Extravagant metabolism

It is possible that the relationship between VO2 and power output can be altered by exercising at high intensities for prolonged periods.  This increases the VO2 gain, and values >12 mL/min/W have been observed in the literature.  So the “slow component of oxygen uptake” could drive the VO2 above the predicted steady state value and increase the gain.  I have done a bit of work on the slow component, and I think it may be a factor in this test.  It is, however, unlikely to explain the VO2 being 1.0 L/min above expected.  This is because, as its name suggests, the slow component takes time to express itself.  It takes 90-120 to emerge from the “normal” or “fast component” of the response, and if you fit a curve to it, it has a time constant of at least 200 seconds.  It therefore takes many minutes to develop, and in this test many minutes we do not have (nor does the VO2 does seem to be systematically rising in the 425 W stage).  It is also unlikely that previous test stages generated much slow component behaviour.  This is again partly due to their length, and partly due to the modest blood lactate concentrations measured (2.1 mM at 375 W).  The slow component only develops above the lactate threshold, and in the 375 W stage the cyclist is only just above it.  Any slow component would be small even if the 375 W stage was continued for 6-8 minutes.  Finally, the denominator of the VO2 gain equation is against us: the largest slow components recorded in the literature are for exhaustive exercise bouts lasting 10-15 minutes, and they can exceed 1 L/min.  To achieve this in the time required in this stage would need VO2 to rise at an unbelievably swift rate, and we just don’t see this happening.  So, whilst the slow component of VO2 is real and significant, it does not appear to be an explanation for the high VO2 values reported.

Ambient conditions and gas exchange calculations

Pulmonary gas exchange variables must be corrected from ambient temperatures and pressures to standardised temperatures before interpretation.  These days using automated systems these calculations are done automatically, but sometimes input is needed as part of routine calibration.  For ventilation, values are expressed BTPS – Body Temperature and Pressure, Saturated – because the true volume exhaled at the time matters.  For VO2 (and VCO2), the correction provides Standard Temperature and Pressure for Dry gas (STPD).  The only way to introduce error here is to fail to change the ambient temperature settings prior to analysis.  However, a 10°C error in temperature (unheard of in a well-ventilated or an air-conditioned laboratory) would change VO2 by no more than ~0.3 L/min.  A similar error would occur if you got barometric pressure wrong by 30 mmHg.  Thus, it is unlikely that a 1.0 L/min error would be introduced here.

Ergometer calibration

A cycle ergometer that is not calibrated can produce very strange VO2 responses.  I vividly remember taking delivery of an ergometer that had not been stored correctly and its flywheel was off by a few millimetres.  Being electrically-braked, a few millimetres is huge, and I was exhausted at a power output 150 W lower than normal with an (apparently) enormous VO2 gain.  But my VO2max was in the normal range, so it didn’t seem to be the gas analyser, and it just felt wrong.  In the case in hand, it is the VO2 that seems too high, not the power.  And an elite cyclist would also very quickly realise if the ergometer was out. As an example, I once started a treadmill test on an athlete who got quite animated about how hard the 10 km/h warm-up felt.  It turned out that somebody had changed the settings to miles per hour!  The ergometer is not likely to be the problem in this case.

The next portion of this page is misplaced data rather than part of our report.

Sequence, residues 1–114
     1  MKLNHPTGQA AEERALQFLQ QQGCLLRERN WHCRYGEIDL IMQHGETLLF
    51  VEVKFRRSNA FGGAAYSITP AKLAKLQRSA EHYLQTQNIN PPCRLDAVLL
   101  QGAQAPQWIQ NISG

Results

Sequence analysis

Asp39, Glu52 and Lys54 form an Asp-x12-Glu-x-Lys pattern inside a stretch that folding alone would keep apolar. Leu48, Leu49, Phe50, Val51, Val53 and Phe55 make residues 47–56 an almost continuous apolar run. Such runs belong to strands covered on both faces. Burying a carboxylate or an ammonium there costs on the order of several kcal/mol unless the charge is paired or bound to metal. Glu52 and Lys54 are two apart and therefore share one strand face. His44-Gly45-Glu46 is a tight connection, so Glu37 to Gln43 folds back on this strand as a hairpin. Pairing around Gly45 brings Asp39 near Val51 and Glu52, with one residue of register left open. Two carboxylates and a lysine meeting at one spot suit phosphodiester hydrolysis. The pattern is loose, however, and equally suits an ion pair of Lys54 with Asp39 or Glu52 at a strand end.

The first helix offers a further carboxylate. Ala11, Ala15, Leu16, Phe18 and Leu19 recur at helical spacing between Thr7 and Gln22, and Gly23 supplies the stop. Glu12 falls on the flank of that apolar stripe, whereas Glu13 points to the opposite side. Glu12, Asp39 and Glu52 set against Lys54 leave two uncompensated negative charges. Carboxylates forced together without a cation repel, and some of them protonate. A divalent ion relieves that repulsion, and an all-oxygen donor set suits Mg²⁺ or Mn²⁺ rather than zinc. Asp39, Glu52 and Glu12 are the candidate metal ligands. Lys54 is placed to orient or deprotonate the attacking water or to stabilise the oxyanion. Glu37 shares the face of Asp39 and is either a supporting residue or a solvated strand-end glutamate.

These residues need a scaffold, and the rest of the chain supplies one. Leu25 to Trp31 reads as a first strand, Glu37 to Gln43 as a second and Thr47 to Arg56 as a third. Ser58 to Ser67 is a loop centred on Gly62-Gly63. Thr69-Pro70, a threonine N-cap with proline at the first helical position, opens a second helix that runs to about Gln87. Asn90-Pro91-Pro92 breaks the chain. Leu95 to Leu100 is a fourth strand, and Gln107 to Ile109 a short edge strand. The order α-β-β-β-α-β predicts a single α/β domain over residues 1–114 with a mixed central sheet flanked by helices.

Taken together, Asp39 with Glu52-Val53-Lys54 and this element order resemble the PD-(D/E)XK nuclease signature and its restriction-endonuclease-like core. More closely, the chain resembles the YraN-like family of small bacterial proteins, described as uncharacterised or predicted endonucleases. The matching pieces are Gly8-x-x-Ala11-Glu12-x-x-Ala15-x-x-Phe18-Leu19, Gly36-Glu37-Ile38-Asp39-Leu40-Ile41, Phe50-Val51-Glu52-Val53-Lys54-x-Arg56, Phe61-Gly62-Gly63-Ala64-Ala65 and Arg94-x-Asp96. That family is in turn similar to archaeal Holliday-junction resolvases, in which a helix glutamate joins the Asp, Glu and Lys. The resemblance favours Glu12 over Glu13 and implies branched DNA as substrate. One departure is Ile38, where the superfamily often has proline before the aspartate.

The gas analyser

The origin of the error can be limited to the gas analysis system.  I am not sure whether the Oxycon system being used in this test (as Vayer told me it was) was being used in a mixing chamber mode or breath-by-breath, but it seems that the ventilatory variables look normal: minute ventilation is not astoundingly high for an athlete producing 90 mL/kg/min (if anything it is too low).  Indeed, the VE/VO2 ratio at maximal exercise is usually >35 in my experience.  Here it is ~32.  Not that low, but low all the same.  In short, the flow sensor or ventilatory volume measurement is not a strong contender for the extra litre/min of VO2.

This leaves us with the O2 sensor itself.  The origin of the error is impossible to pin-down without knowing the precise specifications of the analyser (there are a number of Oxycon models, some which use fuel cell type analysers, others paramagnetic sensors), but it is possible that an electrochemical fuel cell analyser had reached the end of its life at the time of the test and started reading high. Alternatively, a calibration error resulting in incorrect zero and/or span calibration could have caused a systematic error in VO2.  It is important to state that this error is not peculiar to the 425 W stage: the 375 W stage preceding it produces gain values of around 12 mL/min/W , so this error is evident throughout the test [in a previous edit, I said 14.5 mL/min/W – I’d forgotten to subtract baseline VO2 in the calculation.  Mistakes are easy to make with gas exchange data!].  A calibration error on one of the calibration points would amplify the erroneous gain at lower power outputs, wherein the expired O2 fraction (FEO2) would be lower than during maximal exercise (that is, the error will get larger or smaller as FEO2 falls away from 20.95%).  That we are not seeing this means that the whole calibration curve is systematically in error.  The cause of this (analyser ‘drift’ or fuel cell end-of-life performance) is impossible to call without data from the calibration procedure itself.